Homer: Can I still talk with my hands?
Michael (Fat Tony's son): No.
Homer: What about my ears?
Michael: *shakes head*.
Homer: *ears droop* Hrmm.Exactly What It Says on the Tin: A character's ears are used to express his or her emotions. An animation convention, similar to Cartoony Eyes or Disembodied Eyebrows. Unlike its cousin tropes, Expressive Hair (in most cases) and Expressive Mask, this trope actually leans toward being realistic because this is one way many animals in Real Life communicate their feelings. This obviously doesn't apply to human ears, though, so it's guaranteed all of the characters who use this trope are Not Quite Human. In many animated series, characters that have ears on top of their heads will often sport hats or helmets that allow them to stick through (barring Fridge Logic of not being able to hear otherwise). This trope is probably part of the reason why. Compare Unusual Ears.
—Homer Simpson and Michael D'Amico, The Simpsons.
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- The grizzly bear in Safe Auto's "Switch and Save" grizzly ads has them.
Anime and Manga
- Many Pokémon have expressive ears, including Pikachu and Meowth
- Elves and other long-eared folk, or even folk with anything approximating long ears, in anime often have expressive ears. It's rare for a long-eared character not to have Expressive Ears.
- Expressive ears were found on Deedlit in Record of Lodoss War. Being the first of those foot-long eared elf varieties helped.
- In Utawarerumono, the people have expressive tails as well as expressive ears.
- Holo from Spice and Wolf, whose ears twitch when she hears something interesting and sag when she is feeling sad.
- In Blacksad, characters ears will go back when they are threatened (or are being threatening), they'll droop when they are sad, and perk up when excited. The creators know their animal mannerisms.
- Kill Wolfhead in The Incal series.
- In Tooth And Claw, similar to the Blacksad example above, the anthropomorphic animal characters' ears react in accordance with their real life counterparts.
Films — Animated
- Disney uses the trope a lot, especially for rabbits (Bambi) and elephants (Dumbo, Tarzan).
- Stitch from Lilo & Stitch.
- The Beast has these in Beauty and the Beast.
- Human example: Dopey from Snow White and the Seven Dwarfs.
- All the animals in Bambi, Bambi and Thumper in particular.
- The Many Adventures of Winnie the Pooh: Roo does it when he's sad. I'm not sure if Rabbit does it, but I've definitely seen it with Roo. Piglet can do it, too.
- Fievel in An American Tail, whose ears go down when he's sad and up when he's alert. There's also a couple of scenes in which he shifts them around to try to listen for his father's violin. They're forced down whenever he wears his iconic hat though.
- Horton in Horton Hears a Who!.
- Rémy of Ratatouille, has this in spades, even though his behaviors and mannerisms are slowly becoming more human.
- Toothless in How to Train Your Dragon.
Films — Live-Action
- Na'vi in Avatar are another example.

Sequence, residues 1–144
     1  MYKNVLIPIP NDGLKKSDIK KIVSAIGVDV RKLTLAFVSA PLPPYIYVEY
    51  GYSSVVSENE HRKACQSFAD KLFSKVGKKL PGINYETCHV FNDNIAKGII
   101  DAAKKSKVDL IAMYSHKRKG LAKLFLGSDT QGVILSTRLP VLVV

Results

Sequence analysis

- In Godzilla VS Mechagodzilla and Godzilla Final Wars, King Seesar's ears would perk up whenever he was excited or surprised.
- The Empire Strikes Back: When Luke manages to lift the X-Wing fighter partly out of the swamp, Yoda's ears rise slightly in awe. When Luke fails to lift it all the way out, Yoda's ears droop down.
- Sloth from The Goonies.
- Alfalfa of The Little Rascals.
- In Hop, E.B.'s ears are very expressive. His dad's, not so much, perhaps as a distinction between the two.
- Barf the mog from Spaceballs.
- Laurel and Hardy: In "A Chump in Oxford", Stan Laurel is able to wiggle his ears whenever he gets mad. It's still a pretty convincing effect, by the way.
- Who Framed Roger Rabbit: Roger Rabbit's ears are all over the place.
- Ogier in The Wheel of Time.
- Bibwit Harte from The Looking-Glass Wars.
- The Huanni in the Star Trek Novel Verse.
- Eo from Argo has unusually expressive ears for an android.
- Seen on the title character in Anna Dewdney's Llama Llama picture books.
- Matt Stover's novelization of Star Wars Episode III: Revenge of the Sith makes several references to Master Yoda's ears moving in tune with his moods. "He curled his ears at Anakin."
- In the Animal Antics A to Z picture books, Jeremy Jackrabbit has these. Possibly other characters too.
- All the feas in Destined to Lead.
- This upcoming Disney picture book makes special point of this in relation to the ears of Thumper from Bambi.
Live Action TV
- Garfield will sometimes lay his ears back when he's angry, when he's frightened, or when he's groggy in the morning and hasn't had his coffee yet.
- Similarly, in Peanuts, Snoopy's ears rise when he is startled or receives good news. In one strip from the 1950s, Schroeder was listening to music on the radio, and Snoopy made a square with his ears.
- Dogbert from Dilbert has ears that fly up sometimes.
- Space 1889: Martian ears express their mood.
- The Traveller Adventure: Vargr [bipedal wolf] characters were shown as having Expressive Ears, including flattening the ears against the skull when afraid.
- In Dungeons & Dragons, a number of monster races have this, depending on how much focus the writer puts on them other than "Kill them and take their stuff." Goblinoids are a common example.
- Blood Elves and night elves in World of Warcraft do this with the emote system: if they're sad or scared, their ears will droop, and when they cast spells in general, their ears wiggle along with the casting animation.
- Laharl and Etna's ears from Disgaea: Hour of Darkness change with their mood.
- Ratchet & Clank likes to make use of this trope. The first game in particular features a lot of ear movement, as Ratchet is essentially the Lombax equivalent of a moody teenager; later games tone it down, though his ears will still droop if he's low on health or otherwise in a particularly negative mood.
- The Asura in Guild Wars 2 even shrug with their ears.
- Raven's ears in Tales of Vesperia wiggle when he lies.